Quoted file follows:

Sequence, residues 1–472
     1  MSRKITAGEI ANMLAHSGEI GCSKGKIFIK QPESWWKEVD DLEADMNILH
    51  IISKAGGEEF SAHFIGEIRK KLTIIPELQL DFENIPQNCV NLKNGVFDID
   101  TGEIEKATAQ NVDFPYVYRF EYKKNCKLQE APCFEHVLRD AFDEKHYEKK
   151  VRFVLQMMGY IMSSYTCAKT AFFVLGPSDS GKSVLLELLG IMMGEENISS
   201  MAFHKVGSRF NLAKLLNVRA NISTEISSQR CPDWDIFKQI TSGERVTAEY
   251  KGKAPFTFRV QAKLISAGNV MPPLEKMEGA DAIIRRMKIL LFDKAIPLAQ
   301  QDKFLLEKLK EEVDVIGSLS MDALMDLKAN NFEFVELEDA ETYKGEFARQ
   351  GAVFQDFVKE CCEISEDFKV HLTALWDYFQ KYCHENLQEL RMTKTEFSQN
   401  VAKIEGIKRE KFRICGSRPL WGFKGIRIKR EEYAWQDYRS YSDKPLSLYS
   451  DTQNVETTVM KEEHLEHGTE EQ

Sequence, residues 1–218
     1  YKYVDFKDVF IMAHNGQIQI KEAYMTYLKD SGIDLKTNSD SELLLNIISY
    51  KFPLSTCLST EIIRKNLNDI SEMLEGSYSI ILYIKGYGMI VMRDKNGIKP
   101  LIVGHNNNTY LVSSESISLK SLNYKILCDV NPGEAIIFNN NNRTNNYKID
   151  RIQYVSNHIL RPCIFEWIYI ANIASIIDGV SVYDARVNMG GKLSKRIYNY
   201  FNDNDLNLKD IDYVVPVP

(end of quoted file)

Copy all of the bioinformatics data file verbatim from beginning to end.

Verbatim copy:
Sequence, residues 1–472
     1  MSRKITAGEI ANMLAHSGEI GCSKGKIFIK QPESWWKEVD DLEADMNILH
    51  IISKAGGEEF SAHFIGEIRK KLTIIPELQL DFENIPQNCV NLKNGVFDID
   101  TGEIEKATAQ NVDFPYVYRF EYKKNCKLQE APCFEHVLRD AFDEKHYEKK
   151  VRFVLQMMGY IMSSYTCAKT AFFVLGPSDS GKSVLLELLG IMMGEENISS
   201  MAFHKVGSRF NLAKLLNVRA NISTEISSQR CPDWDIFKQI TSGERVTAEY
   251  KGKAPFTFRV QAKLISAGNV MPPLEKMEGA DAIIRRMKIL LFDKAIPLAQ
   301  QDKFLLEKLK EEVDVIGSLS MDALMDLKAN NFEFVELEDA ETYKGEFARQ
   351  GAVFQDFVKE CCEISEDFKV HLTALWDYFQ KYCHENLQEL RMTKTEFSQN
   401  VAKIEGIKRE KFRICGSRPL WGFKGIRIKR EEYAWQDYRS YSDKPLSLYS
   451  DTQNVETTVM KEEHLEHGTE EQ

Sequence, residues 1–218
     1  YKYVDFKDVF IMAHNGQIQI KEAYMTYLKD SGIDLKTNSD SELLLNIISY
    51  KFPLSTCLST EIIRKNLNDI SEMLEGSYSI ILYIKGYGMI VMRDKNGIKP
   101  LIVGHNNNTY LVSSESISLK SLNYKILCDV NPGEAIIFNN NNRTNNYKID
   151  RIQYVSNHIL RPCIFEWIYI ANIASIIDGV SVYDARVNMG GKLSKRIYNY
   201  FNDNDLNLKD IDYVVPVP